Main Image

About Chronic intestinal pseudoobstruction

What is Chronic intestinal pseudoobstruction?

Chronic intestinal pseudoobstruction (CIP) is a rare disorder that affects the digestive system. It is characterized by symptoms similar to those of an intestinal obstruction, such as abdominal pain, nausea, vomiting, and constipation, but without any actual blockage in the intestines. CIP is caused by a malfunction of the muscles and nerves in the digestive system, which prevents the normal movement of food through the intestines. Treatment for CIP typically involves medications to reduce symptoms and improve digestion, as well as lifestyle changes to reduce stress and improve nutrition.

What are the symptoms of Chronic intestinal pseudoobstruction?

The symptoms of Chronic intestinal pseudoobstruction (CIP) vary depending on the severity of the condition, but may include:

- Abdominal pain

- Bloating

- Nausea

- Vomiting
- Constipation
- Diarrhea
- Weight loss
- Malnutrition
- Fatigue
- Weakness
- Loss of appetite
- Abdominal distention
- Abdominal tenderness
- Abdominal mass
- Abnormal stools
- Abnormal blood tests
- Abnormal imaging studies

What are the causes of Chronic intestinal pseudoobstruction?

The causes of chronic intestinal pseudoobstruction (CIPO) can be divided into two categories: primary and secondary.

Primary CIPO is caused by a genetic mutation that affects the muscles and nerves of the intestines, leading to a lack of coordination between the muscles and nerves. This can cause the intestines to become blocked or slow down, leading to symptoms of CIPO.

Secondary CIPO is caused by an underlying medical condition or injury that affects the muscles and nerves of the intestines. This can include conditions such as diabetes, scleroderma, amyloidosis, and spinal cord injury. Other causes of secondary CIPO include certain medications, radiation therapy, and abdominal surgery.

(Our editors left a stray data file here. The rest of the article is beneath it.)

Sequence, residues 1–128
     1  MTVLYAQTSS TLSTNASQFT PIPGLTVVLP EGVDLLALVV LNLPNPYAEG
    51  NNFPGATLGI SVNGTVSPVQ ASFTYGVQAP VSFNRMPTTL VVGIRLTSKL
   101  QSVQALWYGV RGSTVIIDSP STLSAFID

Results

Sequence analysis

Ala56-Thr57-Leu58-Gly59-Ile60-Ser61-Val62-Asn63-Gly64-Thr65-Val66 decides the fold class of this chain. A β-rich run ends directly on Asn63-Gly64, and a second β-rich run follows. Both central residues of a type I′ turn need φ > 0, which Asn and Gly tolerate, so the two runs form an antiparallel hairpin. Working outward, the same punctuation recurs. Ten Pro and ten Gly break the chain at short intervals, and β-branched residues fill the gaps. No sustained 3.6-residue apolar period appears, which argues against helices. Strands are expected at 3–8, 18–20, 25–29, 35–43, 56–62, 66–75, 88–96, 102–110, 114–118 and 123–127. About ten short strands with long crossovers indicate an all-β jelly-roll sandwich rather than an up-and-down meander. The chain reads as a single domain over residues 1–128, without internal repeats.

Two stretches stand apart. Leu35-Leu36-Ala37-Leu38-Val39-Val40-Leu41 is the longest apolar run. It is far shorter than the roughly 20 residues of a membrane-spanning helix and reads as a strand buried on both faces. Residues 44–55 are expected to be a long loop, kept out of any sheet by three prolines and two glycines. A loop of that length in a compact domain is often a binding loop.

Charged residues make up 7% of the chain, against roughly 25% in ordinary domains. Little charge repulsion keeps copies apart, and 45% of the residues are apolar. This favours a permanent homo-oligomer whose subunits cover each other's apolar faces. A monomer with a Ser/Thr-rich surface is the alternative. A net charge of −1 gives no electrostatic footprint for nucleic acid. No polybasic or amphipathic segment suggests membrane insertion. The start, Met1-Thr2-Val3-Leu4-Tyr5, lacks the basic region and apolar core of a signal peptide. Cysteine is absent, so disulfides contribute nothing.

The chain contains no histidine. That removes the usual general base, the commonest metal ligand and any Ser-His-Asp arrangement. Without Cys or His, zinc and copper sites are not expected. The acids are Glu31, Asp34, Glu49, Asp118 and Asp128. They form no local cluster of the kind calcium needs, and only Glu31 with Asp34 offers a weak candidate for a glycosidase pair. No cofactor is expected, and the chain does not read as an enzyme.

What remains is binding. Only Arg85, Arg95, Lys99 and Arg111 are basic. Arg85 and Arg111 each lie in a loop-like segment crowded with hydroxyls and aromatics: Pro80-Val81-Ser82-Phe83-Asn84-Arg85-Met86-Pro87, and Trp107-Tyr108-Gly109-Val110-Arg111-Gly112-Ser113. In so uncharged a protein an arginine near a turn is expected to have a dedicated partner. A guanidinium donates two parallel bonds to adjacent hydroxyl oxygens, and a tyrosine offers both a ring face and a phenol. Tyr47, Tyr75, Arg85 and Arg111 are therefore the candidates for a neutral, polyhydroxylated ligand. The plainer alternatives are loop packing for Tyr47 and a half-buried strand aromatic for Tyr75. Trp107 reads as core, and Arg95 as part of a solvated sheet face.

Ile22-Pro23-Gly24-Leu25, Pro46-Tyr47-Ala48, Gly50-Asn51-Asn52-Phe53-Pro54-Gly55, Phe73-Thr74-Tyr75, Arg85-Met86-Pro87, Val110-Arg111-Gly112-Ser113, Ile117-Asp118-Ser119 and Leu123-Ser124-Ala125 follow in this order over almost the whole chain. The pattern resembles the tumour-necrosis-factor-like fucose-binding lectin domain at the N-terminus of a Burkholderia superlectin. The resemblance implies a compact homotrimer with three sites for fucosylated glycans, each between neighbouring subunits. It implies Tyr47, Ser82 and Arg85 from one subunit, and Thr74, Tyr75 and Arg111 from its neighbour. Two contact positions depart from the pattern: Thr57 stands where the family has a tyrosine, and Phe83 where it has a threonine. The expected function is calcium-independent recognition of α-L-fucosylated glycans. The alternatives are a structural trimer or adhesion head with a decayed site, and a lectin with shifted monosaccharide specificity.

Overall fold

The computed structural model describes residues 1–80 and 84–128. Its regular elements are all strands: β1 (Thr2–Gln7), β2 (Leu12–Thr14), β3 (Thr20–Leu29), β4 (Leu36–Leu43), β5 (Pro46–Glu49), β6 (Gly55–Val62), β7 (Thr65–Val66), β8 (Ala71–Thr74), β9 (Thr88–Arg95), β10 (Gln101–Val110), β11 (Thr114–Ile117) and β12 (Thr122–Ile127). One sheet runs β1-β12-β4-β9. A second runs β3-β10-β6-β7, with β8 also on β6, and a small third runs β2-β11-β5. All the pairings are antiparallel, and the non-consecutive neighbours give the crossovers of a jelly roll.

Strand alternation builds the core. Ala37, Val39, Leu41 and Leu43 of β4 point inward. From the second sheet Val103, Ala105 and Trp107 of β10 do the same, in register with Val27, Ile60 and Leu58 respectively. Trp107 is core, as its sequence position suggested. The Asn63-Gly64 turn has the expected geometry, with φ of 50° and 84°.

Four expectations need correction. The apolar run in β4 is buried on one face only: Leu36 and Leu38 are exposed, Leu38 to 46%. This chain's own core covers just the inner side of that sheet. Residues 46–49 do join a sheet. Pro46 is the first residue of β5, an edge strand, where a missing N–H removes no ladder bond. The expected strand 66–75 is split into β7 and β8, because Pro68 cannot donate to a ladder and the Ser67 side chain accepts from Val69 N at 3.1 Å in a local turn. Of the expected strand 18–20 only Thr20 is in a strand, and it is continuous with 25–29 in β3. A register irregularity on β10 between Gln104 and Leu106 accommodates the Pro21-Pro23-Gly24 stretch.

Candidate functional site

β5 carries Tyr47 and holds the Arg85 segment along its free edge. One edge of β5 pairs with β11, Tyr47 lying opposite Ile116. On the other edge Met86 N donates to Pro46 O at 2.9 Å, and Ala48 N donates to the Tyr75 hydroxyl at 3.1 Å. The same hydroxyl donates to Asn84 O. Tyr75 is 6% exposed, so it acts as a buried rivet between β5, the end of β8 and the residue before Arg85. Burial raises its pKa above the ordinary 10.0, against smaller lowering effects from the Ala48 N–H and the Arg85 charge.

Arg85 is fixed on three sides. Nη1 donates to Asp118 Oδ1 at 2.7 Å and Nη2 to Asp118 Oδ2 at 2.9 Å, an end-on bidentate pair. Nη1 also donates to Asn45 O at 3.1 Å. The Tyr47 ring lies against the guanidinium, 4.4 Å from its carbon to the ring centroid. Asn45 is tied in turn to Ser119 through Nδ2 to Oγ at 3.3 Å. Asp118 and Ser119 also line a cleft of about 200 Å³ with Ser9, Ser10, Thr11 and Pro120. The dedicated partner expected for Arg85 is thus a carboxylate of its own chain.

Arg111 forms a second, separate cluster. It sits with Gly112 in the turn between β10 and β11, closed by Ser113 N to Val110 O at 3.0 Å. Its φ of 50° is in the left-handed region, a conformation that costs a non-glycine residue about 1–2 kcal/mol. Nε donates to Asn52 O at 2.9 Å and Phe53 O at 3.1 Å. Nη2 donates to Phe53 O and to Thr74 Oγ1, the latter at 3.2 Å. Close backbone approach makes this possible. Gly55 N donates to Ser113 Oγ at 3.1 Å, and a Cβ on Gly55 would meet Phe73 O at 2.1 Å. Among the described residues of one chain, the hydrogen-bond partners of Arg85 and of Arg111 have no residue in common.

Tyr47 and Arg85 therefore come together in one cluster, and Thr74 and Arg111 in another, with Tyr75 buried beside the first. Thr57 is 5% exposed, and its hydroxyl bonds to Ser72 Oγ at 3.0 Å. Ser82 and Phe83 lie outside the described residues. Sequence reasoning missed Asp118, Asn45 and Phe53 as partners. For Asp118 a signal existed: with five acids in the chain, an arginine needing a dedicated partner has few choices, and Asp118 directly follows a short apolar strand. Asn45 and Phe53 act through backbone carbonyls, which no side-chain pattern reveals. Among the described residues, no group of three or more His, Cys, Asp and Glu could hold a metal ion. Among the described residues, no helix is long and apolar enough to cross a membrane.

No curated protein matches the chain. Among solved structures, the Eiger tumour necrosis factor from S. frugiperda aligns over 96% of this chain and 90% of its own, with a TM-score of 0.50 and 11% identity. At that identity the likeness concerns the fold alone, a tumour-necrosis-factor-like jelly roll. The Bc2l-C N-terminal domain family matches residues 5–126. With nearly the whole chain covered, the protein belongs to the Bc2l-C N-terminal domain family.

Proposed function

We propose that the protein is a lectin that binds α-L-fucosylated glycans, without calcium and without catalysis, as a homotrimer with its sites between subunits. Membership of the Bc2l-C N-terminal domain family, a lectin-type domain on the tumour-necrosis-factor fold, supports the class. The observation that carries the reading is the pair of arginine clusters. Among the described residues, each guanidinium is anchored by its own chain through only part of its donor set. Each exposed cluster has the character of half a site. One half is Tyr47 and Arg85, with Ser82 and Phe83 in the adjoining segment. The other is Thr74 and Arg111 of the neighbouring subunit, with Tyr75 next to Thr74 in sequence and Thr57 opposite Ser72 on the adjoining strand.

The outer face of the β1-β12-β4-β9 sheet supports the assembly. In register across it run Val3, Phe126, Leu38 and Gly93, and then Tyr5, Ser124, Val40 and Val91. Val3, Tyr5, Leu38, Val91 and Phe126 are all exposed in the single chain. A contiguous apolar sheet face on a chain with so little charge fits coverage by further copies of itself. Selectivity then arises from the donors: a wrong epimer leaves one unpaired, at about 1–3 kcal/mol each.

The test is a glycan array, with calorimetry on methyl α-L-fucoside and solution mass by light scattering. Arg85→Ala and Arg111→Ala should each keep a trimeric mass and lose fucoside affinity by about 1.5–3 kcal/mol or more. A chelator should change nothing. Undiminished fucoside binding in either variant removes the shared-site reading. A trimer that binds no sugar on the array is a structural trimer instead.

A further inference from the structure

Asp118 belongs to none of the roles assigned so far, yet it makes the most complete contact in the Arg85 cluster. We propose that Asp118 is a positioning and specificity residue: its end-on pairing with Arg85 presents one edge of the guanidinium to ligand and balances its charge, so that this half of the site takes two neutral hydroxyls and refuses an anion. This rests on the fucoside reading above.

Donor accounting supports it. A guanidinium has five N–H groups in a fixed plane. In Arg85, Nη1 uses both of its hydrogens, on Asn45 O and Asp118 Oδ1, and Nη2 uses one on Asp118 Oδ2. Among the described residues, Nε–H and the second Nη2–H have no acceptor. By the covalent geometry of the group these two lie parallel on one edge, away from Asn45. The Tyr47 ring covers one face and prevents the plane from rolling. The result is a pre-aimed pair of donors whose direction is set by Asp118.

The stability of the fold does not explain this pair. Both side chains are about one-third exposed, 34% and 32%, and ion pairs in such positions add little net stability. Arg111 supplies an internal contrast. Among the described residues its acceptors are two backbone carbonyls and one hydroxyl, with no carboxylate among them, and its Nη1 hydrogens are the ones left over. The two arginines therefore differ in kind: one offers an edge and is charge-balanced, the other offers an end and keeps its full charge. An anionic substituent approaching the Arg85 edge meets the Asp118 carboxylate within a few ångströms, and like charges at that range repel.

What are the treatments for Chronic intestinal pseudoobstruction?

1. Dietary modifications: Eating smaller meals more frequently, avoiding high-fiber foods, and avoiding foods that are difficult to digest.

2. Medications: Antispasmodic medications, antibiotics, and laxatives may be prescribed to help reduce symptoms.

3. Surgery: Surgery may be necessary to remove a blockage or to create a bypass around the obstruction.

4. Intestinal Transplant: In severe cases, a transplant of the entire intestine may be necessary.

5. Nutritional Support: Intravenous nutrition may be necessary to provide adequate nutrition.

What are the risk factors for Chronic intestinal pseudoobstruction?

1. Genetic mutations
2. Abnormalities in the muscles or nerves of the digestive tract
3. Certain medications
4. Previous abdominal surgery
5. Abnormalities in the digestive tract
6. Immune system disorders
7. Endocrine disorders
8. Metabolic disorders
9. Connective tissue disorders
10. Radiation therapy

Is there a cure/medications for Chronic intestinal pseudoobstruction?

There is no cure for chronic intestinal pseudoobstruction (CIPO). Treatment focuses on managing symptoms and preventing complications. Medications used to treat CIPO include laxatives, antibiotics, prokinetics, and antispasmodics. In some cases, surgery may be necessary to remove a blockage or to create a bypass.